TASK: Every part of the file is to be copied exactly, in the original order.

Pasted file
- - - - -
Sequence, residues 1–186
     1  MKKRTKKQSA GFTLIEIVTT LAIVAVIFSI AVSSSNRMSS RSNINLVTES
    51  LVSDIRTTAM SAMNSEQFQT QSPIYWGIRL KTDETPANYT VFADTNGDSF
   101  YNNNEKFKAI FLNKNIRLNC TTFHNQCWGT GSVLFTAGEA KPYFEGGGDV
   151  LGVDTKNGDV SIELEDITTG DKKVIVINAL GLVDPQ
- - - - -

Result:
Sequence, residues 1–186
     1  MKKRTKKQSA GFTLIEIVTT LAIVAVIFSI AVSSSNRMSS RSNINLVTES
    51  LVSDIRTTAM SAMNSEQFQT QSPIYWGIRL KTDETPANYT VFADTNGDSF
   101  YNNNEKFKAI FLNKNIRLNC TTFHNQCWGT GSVLFTAGEA KPYFEGGGDV
   151  LGVDTKNGDV SIELEDITTG DKKVIVINAL GLVDPQ